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Any Given Sunday: Violence and Excess Perfect for Miami

“Any Given Sunday” premiered December 12, 1999. The film’s domestic box office gross was $75,530,832.
June 24, 2008 By Matt Meltzer in  | 1 Comment


Oliver Stone must love tackling subjects of Americana. He looked at Rock and Roll in “The Doors,” he examined American politics and justice in “JFK,” he has done more than his share of films about war. So, it only followed his cinematic progression that he would then tackle (please excuse the God-awful pun) that most American of sports, football.

No sport captures the American glorification of violence and celebration of excess like football. And Stone must have figured that if he was going to make a movie about violence and excess, well, it had better damn well take place in Miami. And so came the tale of the last five weeks of the Miami Sharks’ season, “Any Given Sunday.”



The Sharks, to a point of painful obviousness, are the evil twin to our local Miami Dolphins. The playful orange-and-teal playful porpoises are replaced by all-black-clad man-eating Sharks.  Bright and modern Dolphin Stadium is shelved for the ghetto-dwelling Orange Bowl. And the three main icons of the team – the owner, the coach, and the legendary quarterback, seem like bizarre evil versions those same icons of the Miami Dolphins. Perhaps this obvious correlation is why the film attempts to have us believe the Dolphins also play in this league, quite the stretch considering the anemic attendance figures at most South Florida sporting events.


The film begins as the team’s legendary, championship-winning quarterback Jack “Cap” Rooney is injured during a game. Rooney, played by Dennis Quaid, looks as if he escaped from the big-screen version of “The Dan Marino Story.” Quiad even adopts a slight Western Pennsylvanian accent for the part, and any Dolphin fan can pretty well grasp who this guy is supposed to be. Unlike Marino, he has won championships, but also unlike Marino he seems to want to retire at the right time.



When Rooney gets injured, beleaguered legendary coach Tony D’Amato (Al Pacino playing Don Shula if he were short and felt the need to yell everything he said) puts in journeyman black quarterback Willie Beamen, played y Jamie Foxx.  Despite initial struggles, Beamen eventually leads the team to three straight victories showcasing his phenomenal athletic ability and on-field improvisational skills. It is interesting to note that the film was made in 1999, before the “mobile quarterback revolution” with guys like Mike Vick and Donovan McNabb in the National Football League. So when the fictitious sportswriter in the film states that Beamen is the “quarterback of the future,” it seems that Stone was almost prophetic in his writing.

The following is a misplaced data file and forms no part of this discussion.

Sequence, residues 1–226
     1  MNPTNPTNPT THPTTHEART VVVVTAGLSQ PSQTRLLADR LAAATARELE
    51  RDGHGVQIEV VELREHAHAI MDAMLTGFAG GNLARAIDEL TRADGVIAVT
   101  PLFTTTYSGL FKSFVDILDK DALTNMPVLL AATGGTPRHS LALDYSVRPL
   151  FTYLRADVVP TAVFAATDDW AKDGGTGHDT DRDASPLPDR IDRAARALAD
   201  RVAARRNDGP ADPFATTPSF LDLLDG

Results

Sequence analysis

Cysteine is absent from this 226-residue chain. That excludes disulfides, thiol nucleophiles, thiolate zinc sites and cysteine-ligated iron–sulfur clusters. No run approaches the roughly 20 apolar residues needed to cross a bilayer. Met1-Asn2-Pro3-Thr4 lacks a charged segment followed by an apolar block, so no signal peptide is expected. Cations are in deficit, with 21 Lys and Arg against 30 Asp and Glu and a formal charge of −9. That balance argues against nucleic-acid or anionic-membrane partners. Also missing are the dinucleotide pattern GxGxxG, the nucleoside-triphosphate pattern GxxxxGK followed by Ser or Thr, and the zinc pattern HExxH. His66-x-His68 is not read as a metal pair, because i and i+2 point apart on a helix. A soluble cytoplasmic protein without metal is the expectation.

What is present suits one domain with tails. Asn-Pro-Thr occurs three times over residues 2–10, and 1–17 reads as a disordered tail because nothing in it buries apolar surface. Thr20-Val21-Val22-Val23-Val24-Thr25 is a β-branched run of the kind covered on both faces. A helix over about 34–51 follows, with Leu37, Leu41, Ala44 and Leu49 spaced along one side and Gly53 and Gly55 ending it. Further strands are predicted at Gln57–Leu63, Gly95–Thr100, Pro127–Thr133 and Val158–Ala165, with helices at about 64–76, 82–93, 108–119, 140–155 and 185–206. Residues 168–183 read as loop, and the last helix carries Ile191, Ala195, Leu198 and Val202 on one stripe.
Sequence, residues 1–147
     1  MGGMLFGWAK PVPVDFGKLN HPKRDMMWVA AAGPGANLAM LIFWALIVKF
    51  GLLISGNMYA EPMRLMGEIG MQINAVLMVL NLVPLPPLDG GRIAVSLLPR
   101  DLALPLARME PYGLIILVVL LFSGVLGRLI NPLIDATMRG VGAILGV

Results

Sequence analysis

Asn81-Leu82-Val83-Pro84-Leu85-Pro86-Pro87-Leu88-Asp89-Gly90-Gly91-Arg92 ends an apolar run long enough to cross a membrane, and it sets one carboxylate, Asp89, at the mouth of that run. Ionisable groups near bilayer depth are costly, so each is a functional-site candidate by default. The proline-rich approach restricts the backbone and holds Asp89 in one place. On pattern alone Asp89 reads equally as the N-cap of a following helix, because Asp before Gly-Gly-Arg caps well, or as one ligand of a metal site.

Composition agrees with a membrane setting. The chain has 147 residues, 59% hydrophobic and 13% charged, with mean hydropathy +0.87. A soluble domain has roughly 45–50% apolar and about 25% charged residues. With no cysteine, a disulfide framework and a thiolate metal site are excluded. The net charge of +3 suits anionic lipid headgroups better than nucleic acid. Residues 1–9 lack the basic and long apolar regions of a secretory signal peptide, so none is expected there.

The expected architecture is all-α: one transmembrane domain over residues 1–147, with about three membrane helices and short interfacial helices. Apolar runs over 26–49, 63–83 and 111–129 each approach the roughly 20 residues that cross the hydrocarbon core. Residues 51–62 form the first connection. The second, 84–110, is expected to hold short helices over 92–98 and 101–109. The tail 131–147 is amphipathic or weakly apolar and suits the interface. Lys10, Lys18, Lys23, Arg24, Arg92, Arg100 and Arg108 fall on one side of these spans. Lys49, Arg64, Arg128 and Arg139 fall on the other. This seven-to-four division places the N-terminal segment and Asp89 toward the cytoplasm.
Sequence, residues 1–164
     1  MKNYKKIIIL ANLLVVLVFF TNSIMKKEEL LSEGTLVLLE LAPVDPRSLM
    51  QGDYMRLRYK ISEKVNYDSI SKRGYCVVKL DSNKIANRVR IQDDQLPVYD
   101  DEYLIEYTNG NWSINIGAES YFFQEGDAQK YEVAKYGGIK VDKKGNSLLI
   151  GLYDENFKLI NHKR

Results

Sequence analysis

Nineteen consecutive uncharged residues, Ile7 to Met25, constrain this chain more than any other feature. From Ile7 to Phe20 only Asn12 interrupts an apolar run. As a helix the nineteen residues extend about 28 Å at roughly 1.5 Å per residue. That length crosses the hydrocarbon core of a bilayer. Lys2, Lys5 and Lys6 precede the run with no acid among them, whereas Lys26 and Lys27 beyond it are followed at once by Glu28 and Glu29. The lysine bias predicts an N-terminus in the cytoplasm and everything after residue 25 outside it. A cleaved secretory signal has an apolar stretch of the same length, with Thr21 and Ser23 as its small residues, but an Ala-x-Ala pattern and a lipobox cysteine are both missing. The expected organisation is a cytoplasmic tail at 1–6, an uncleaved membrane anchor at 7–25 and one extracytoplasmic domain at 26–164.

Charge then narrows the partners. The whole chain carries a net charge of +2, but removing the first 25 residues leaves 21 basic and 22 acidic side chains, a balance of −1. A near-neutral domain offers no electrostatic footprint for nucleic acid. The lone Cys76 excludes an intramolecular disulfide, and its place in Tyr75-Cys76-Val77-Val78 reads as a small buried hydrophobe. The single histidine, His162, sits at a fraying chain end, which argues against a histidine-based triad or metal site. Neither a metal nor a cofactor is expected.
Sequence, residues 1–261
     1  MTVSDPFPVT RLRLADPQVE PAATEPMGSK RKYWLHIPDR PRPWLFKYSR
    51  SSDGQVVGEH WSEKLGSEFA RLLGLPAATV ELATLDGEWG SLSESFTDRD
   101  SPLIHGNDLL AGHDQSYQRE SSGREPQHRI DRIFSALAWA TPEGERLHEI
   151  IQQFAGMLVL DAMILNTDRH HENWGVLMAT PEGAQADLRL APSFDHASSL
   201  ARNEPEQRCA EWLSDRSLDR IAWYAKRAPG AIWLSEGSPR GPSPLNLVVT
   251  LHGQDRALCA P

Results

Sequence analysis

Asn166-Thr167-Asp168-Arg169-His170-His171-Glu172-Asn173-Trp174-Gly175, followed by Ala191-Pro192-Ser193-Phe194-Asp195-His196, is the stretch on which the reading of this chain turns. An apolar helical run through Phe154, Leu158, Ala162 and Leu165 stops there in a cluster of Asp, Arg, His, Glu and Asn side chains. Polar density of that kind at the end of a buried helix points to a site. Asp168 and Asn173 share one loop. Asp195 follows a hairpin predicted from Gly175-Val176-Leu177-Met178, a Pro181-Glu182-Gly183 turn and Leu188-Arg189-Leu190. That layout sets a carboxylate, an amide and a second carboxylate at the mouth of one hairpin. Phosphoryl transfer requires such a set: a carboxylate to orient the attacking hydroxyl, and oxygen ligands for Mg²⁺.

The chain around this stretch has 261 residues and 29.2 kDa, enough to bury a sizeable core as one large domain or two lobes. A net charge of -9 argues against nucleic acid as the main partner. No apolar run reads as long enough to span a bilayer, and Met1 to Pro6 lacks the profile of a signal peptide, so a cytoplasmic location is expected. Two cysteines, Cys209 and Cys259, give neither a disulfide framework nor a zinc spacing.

The movie, while it has a gripping plot of the aging coach feuding with both his hotshot new quarterback and his boss, the vindictive Cameron Diaz, has a lot of messages to it. It is first of an indictment of the American culture of win at all costs, showing the physical and mental toll that the game puts on its top athletes. Lawrence Taylor plays, and this was a real stretch for him, a great linebacker at the end of his career who will likely be paralyzed or die if he gets one more bad hit. But he plays on, because winning is all he knows. Quaid is pressured by his wife to keep playing football, even though his body no longer functions like it should. James Woods, who plays a sleazy team doctor, fakes test results so star players can get on the field. Any of us would be naïve to think that the NFL doesn’t work at least a little bit like this.


The other message is one of the old and great being forced to grapple with change that threatens the very things that made them successful. The old coach must deal with a new way of playing the game, the old quarterback must accept that his is not the style that people want anymore, and everyone must deal with the fact the old owner is dead, and the new one has more modern aspirations than simply “giving back to the people of Miami.”



The new owner, Diaz’ character Christina Pagniacci, had inherited the team from her father who was the beloved longtime owner of the team. Or, basically, the Robbie children if they were a hot blond. Stone made the movie during the era of franchise free-agency, when teams were holding up cities and moving to whichever one built them the best stadium. So Pagniacci points out, rightfully so, to the mayor that the Orange Bowl is falling apart and needs renovations, and wants public money to do that. Sound familiar? Diaz is essentially playing a richer, hotter Donna Shalala. Of course, with the cross-town Dolphins playing at “the other stadium,” Diaz has no choice but to try and facilitate a move to LA by getting them to build her a new park. Glad Donna didn’t have that option.